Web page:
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Product Management

5 Points to Consider Before Making a Hybrid Mobile App

Paul Francis  //  August 25, 2015  //  5 min read

The hybrid mobile app has become a major factor in mobile app development. By enabling developers to use web technologies (HTML, CSS, and Javascript) to target multiple mobile platforms from a single code base, rather than writing native code (Objective-C, Swift, Java, C#) for each platform separately, hybrid mobile apps can significantly reduce the time and cost of mobile app development.

HTMLCSSJS hybrid mobile app

Many companies jump at the opportunity to save both time and money, but in some cases, electing for a hybrid app can be a crucial mistake. This article discusses several points to consider before pursuing a hybrid mobile app approach.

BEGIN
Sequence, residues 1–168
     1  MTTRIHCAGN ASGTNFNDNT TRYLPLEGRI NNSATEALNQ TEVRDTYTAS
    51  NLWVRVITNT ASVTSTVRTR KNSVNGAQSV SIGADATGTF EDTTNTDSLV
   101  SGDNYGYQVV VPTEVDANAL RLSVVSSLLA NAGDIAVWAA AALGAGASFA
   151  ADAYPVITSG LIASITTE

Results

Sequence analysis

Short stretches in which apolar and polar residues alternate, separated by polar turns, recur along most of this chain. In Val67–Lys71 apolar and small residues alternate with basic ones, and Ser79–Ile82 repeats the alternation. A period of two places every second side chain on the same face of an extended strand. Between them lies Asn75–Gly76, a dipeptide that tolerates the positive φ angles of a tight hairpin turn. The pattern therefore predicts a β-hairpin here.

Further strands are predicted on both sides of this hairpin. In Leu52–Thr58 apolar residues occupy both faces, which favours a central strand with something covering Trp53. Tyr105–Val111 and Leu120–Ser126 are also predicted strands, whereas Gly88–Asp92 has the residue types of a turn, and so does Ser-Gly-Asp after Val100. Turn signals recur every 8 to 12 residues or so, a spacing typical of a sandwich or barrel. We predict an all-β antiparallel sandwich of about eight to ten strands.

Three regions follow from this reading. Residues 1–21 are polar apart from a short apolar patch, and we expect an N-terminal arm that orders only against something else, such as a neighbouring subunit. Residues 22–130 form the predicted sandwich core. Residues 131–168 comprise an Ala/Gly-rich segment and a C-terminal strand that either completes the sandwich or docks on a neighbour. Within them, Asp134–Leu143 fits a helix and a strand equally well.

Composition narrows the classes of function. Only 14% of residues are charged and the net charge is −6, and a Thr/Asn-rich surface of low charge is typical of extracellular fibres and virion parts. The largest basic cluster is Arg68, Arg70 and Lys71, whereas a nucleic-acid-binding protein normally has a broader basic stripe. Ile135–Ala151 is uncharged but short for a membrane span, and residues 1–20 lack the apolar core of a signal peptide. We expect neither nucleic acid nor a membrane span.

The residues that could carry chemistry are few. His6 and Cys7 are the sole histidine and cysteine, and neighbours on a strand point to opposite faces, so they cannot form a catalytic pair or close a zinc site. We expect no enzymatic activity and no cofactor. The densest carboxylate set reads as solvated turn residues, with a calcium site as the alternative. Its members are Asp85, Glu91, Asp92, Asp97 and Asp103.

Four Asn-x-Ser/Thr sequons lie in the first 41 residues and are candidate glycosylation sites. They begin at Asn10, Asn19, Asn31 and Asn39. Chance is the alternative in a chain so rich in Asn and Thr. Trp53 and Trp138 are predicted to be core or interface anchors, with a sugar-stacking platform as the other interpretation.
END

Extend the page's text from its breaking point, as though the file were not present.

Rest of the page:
1. Understand what features require native code

It is extremely important to differentiate between something that can only be done natively and what can be done entirely within hybrid code. A general rule to follow is: If it is something you have seen a website do, it can be done entirely within hybrid code. If it is not, it likely requires native code.

To help give you an idea, here is a quick checklist of native and non-native features:

  • Accessing a customer’s location: Non-native
  • Accessing a customer’s camera or photos: Native
  • Passing control to a customer’s Facebook app for easy authentication: Native
  • Simple animations and page styling: Non-native

Mobile icons

All hybrid apps have some sort of wrapper that makes the app installable, but it is provided by the chosen hybrid framework (Cordova, Phonegap, etc.). In addition to this wrapper, hybrid apps often utilize packages or libraries that allow developers to complete native functionality in a hybrid mobile app. However, these packages and libraries have to be written with native code. This means that if your app requires some native behavior, you will either have to find a functional library or perhaps write your own.